131I-Lym-1 in mice implanted with human Burkitt's lymphoma (Raji) tumors: Loss of tumor specificity due to radiolysis

Gerald L Denardo, S. J. DeNardo, B. W. Wessels, D. L. Kukis, N. Miyao, A. Yuan

Research output: Contribution to journalArticle

13 Scopus citations

Abstract

Preliminary evaluations of 125I-labeled Lym-1, an anti-lymphoma mouse IgG2a monoclonal antibody, demonstrated favorable tumor uptake in mice bearing human Burkitt's lymphoma (Raji) tumors. In this study, the pharmacokinetics of 125I- and 131I-Lym-1, and the dosimetry, efficacy, and toxicity of 131I-Lym-1 in Rajitumored mice were evaluated. Methods. Lym-1 was radioiodinated by the chloramine-T method and analyzed for monomeric fraction and immunoreactivity (antigen cell binding, relative to unmodified Lym-1). Nude mice bearing Raji tumors (20-500 mm3 received 1.5 MBq (40 μCi) 125I-Lym-1, or 1.5, 7.4, 14.8, or 18. 5 MBq (40, 200, 400, or 500 μCi) 131I-Lym-1. Pharmacokinetic data (total body and blood clearance and biodistribution) were used to estimate radiation dosimetry. Mini-thermoluminescent dosimetry (TLD) was also used to measure radiation dosimetry directly for 7 days after injection of 131I-Lym-1. Tumor size, survival, body weight, and blood counts were monitored for 60 days to evaluate therapeutic efficacy and toxicity of 131I-Lym-1. Results. At the time of injection, the mean quality assurance (QA) values for 125I-Lym-1 were 100% monomer and 100% relative immunoreactivity; the corresponding values for 131I-Lym-1 were 73% and 66%, indicating that radiolysis had occurred during the interval between radiolabeling and injection. 125I-Lym-1 exhibited high and sustained concentration in tumors relative to normal organs, whereas 131I-Lym-1 did not. Assuming identical pharmacokinetic behavior to 125I-Lym-1, 131I-Lym-1 would deliver radiation doses of 3.45, 0.83, 1.03, 0.34, and 0.56 Gy per MBq injected (12.8, 3.1, 3.8, 1.3, and 2.1 rad/μCi), to tumor, liver, lungs, total body, and marrow, respectively. When the actual pharmacokinetic data for 131I-Lym-1 (1.5 MBq) were used to estimate dosimetry, corresponding values of 0.51, 0.72, 0.49, 0.31, and 0.41 Gy/MBq (1.9, 2.7, 1.8, 1.1, and 1.5 rad/μCi) were obtained. Similar values were obtained for mice receiving 7.4 or 14.8 MBq of 131I-Lym-1. Similarly, TLD data indicated little preferential radiation dosimetry to tumor. Response rates (cure + CR + PR) for mice receiving 0, 7.4, 14.8, and 18.5 MBq of 131I-Lym-1 were 8%, 7%, 21%, and 45%, respectively. The LD50/30 dose of 131I-Lym-1 was 12.7 MBq (343 μCi). Conclusions. 125I-Lym-1 exhibited high and sustained concentration in Raji tumors in mice, indicating excellent therapeutic potential for 131I-Lym-1. However, in vitro QA results for 131I-Lym-1 indicated that radiolysis had occurred, and 131I-Lym-1 demonstrated little accumulation in tumor, or preferential radiation dosimetry to tumor in the same model.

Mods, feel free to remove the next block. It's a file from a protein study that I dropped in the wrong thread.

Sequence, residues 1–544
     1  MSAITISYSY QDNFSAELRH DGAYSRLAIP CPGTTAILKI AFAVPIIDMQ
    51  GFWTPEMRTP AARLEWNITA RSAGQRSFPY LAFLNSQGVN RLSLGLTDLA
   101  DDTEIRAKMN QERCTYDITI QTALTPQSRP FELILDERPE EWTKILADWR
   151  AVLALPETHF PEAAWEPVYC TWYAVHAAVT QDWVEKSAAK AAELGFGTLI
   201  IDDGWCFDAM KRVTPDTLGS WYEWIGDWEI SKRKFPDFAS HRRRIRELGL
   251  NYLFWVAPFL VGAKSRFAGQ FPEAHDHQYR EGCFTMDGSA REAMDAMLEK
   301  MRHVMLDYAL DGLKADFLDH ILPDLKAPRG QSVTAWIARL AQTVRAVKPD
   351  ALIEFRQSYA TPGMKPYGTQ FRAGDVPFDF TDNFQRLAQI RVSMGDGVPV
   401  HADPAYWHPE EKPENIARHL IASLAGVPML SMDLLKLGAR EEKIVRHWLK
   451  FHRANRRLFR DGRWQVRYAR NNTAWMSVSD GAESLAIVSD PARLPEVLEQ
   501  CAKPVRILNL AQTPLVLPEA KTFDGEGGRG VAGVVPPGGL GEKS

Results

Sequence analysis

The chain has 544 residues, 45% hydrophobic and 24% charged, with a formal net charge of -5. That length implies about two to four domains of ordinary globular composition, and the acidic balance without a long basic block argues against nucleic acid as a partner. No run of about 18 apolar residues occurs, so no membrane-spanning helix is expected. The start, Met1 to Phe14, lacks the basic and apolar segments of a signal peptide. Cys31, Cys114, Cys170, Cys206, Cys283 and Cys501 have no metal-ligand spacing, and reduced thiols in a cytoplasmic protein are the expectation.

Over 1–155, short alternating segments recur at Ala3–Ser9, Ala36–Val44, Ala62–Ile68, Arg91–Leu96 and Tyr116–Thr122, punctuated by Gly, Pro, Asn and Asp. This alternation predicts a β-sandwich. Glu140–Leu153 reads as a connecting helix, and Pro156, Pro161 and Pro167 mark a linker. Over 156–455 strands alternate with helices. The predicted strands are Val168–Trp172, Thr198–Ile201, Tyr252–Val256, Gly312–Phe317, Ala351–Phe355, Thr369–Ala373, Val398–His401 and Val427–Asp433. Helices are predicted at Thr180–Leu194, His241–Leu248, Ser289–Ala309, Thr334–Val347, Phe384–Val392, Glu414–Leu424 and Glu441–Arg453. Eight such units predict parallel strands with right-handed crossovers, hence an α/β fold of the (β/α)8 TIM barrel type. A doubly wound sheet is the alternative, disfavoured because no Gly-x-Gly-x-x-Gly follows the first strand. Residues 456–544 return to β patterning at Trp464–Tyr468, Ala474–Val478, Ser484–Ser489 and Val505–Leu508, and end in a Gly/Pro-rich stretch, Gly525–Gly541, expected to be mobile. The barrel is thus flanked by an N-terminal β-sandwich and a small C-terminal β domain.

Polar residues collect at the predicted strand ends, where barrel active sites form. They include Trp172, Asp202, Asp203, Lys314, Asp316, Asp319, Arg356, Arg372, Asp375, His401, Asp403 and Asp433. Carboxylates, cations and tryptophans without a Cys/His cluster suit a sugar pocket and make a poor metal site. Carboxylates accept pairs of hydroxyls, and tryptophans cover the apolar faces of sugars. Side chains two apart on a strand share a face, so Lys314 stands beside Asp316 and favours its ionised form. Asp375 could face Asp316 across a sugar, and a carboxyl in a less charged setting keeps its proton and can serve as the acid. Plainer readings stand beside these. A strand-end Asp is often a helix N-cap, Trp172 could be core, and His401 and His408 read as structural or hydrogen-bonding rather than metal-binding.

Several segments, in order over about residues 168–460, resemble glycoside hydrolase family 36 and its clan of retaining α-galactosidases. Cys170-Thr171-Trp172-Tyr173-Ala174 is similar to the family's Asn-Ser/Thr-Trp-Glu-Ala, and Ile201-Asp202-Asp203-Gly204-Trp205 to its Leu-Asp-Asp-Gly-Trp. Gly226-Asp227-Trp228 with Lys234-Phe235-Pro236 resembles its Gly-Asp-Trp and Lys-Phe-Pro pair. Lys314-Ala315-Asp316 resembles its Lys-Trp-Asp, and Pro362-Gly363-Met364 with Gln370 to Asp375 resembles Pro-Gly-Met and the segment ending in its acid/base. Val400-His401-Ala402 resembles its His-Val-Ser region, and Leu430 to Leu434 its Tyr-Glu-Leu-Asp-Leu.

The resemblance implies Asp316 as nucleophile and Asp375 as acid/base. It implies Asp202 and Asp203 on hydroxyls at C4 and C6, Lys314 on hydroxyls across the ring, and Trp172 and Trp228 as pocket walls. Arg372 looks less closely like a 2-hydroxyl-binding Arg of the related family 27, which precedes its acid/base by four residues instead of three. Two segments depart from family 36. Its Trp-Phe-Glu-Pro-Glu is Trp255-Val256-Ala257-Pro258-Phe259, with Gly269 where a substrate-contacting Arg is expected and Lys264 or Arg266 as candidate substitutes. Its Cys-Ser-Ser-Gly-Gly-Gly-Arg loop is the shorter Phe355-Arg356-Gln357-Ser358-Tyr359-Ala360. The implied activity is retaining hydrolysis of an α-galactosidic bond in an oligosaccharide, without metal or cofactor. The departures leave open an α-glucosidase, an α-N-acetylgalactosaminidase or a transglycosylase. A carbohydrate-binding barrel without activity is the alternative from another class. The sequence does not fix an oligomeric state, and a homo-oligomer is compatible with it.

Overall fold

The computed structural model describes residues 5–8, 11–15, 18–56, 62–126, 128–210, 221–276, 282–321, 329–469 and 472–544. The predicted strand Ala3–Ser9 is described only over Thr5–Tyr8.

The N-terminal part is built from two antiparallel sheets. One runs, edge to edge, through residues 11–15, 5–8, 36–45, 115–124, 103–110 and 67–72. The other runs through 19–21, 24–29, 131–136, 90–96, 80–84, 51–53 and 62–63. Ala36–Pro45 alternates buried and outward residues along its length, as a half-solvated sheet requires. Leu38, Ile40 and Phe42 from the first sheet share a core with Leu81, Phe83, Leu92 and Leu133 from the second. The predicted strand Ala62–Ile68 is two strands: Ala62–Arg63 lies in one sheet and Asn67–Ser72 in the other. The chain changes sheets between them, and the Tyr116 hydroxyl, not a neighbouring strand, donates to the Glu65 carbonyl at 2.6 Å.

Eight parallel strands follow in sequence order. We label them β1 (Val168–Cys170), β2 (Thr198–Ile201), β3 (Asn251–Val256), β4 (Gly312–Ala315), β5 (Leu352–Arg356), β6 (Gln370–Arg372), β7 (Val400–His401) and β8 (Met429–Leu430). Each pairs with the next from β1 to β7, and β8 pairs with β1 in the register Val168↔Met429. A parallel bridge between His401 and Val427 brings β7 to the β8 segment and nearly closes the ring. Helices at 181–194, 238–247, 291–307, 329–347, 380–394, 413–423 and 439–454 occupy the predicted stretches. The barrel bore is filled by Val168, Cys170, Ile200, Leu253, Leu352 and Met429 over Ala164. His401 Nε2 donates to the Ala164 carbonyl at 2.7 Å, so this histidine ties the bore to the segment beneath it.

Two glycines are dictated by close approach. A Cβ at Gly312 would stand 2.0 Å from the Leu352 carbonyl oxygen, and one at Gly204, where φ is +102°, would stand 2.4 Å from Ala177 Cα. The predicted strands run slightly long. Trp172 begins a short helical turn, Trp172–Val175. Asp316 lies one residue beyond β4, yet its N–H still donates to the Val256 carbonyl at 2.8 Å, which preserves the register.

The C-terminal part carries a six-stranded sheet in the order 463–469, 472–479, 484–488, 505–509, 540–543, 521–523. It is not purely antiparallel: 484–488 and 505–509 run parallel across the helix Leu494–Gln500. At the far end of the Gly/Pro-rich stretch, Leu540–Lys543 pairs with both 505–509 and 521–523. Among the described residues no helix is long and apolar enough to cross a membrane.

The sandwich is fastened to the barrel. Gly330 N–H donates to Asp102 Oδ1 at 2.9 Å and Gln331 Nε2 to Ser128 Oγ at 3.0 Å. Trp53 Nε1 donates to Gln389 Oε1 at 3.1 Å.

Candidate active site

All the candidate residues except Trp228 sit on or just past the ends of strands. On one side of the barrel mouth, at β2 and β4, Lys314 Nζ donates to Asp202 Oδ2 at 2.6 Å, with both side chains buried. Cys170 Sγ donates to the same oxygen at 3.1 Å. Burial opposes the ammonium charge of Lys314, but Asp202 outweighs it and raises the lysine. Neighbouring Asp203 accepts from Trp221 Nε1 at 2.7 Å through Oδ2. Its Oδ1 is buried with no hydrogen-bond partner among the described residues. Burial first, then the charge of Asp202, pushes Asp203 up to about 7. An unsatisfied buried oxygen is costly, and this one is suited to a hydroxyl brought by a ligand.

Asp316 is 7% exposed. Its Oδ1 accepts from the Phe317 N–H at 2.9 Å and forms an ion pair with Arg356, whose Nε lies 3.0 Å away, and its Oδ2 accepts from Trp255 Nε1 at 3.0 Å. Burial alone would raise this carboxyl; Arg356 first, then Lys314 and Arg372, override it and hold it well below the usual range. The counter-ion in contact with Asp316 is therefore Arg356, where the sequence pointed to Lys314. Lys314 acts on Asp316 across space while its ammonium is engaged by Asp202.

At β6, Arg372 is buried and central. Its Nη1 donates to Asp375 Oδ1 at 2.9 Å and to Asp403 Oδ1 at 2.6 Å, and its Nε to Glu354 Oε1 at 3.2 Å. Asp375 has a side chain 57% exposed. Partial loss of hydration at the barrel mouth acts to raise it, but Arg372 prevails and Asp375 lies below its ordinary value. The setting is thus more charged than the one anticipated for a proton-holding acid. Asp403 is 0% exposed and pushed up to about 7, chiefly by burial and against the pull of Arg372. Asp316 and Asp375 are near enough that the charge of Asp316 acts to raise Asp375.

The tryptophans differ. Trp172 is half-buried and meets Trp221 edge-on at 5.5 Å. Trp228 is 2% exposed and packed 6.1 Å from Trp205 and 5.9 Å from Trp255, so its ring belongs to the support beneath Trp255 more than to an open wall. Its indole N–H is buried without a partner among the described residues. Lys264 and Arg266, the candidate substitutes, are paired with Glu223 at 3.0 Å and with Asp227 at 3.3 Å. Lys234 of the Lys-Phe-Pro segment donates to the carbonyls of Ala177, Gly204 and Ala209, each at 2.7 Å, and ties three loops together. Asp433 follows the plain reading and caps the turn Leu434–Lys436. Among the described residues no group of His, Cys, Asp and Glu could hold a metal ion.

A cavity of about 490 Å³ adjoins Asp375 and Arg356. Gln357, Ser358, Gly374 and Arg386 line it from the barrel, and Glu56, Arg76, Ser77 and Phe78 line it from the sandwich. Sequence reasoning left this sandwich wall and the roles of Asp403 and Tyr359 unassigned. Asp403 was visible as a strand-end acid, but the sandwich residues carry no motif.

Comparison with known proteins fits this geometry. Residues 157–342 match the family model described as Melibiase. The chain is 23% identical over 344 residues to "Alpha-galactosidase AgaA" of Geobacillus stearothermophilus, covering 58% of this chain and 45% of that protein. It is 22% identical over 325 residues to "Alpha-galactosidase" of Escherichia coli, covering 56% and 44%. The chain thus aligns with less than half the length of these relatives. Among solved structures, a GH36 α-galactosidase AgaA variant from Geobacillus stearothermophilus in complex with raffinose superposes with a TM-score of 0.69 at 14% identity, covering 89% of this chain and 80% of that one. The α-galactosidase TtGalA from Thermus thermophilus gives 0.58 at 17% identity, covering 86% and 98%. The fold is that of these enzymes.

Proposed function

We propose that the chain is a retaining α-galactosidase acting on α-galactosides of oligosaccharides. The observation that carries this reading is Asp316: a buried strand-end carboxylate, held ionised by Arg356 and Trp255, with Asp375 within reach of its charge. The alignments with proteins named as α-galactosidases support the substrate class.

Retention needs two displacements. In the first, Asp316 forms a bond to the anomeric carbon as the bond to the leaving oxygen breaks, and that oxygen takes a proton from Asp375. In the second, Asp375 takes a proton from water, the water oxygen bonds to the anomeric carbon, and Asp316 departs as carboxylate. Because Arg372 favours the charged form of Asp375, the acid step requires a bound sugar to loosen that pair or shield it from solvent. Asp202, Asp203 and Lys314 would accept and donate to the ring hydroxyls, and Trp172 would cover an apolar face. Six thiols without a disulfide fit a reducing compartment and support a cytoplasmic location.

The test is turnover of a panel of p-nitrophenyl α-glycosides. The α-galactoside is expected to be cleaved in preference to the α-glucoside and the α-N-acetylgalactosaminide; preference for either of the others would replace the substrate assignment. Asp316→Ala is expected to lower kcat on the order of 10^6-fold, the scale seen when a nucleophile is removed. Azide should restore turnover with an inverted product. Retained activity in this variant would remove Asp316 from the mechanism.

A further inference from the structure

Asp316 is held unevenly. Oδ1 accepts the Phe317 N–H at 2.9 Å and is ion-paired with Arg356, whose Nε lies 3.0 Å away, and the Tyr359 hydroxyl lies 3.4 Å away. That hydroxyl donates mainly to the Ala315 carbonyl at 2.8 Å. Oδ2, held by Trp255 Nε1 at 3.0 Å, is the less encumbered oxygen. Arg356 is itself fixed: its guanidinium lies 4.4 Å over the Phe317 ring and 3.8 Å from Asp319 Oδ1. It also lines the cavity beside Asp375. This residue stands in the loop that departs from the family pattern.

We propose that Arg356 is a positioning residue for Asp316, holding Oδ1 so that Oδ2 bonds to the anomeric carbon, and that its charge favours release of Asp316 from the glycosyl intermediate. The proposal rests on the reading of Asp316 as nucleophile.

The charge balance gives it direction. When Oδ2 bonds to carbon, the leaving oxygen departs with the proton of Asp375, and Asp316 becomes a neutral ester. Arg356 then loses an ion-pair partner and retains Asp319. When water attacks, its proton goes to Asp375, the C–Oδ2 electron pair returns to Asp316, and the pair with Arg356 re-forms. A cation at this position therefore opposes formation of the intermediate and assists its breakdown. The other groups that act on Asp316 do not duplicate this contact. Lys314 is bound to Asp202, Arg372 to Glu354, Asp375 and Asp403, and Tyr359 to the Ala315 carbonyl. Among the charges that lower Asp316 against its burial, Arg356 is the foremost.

Original languageEnglish (US)
Pages (from-to)547-560
Number of pages14
JournalCancer Biotherapy and Radiopharmaceuticals
Volume15
Issue number6
StatePublished - 2000

Keywords

  • Antibody
  • Iodine-131
  • Lym-1
  • Lymphoma
  • Radioimmunotherapy

ASJC Scopus subject areas

  • Cancer Research
  • Pharmacology
  • Oncology

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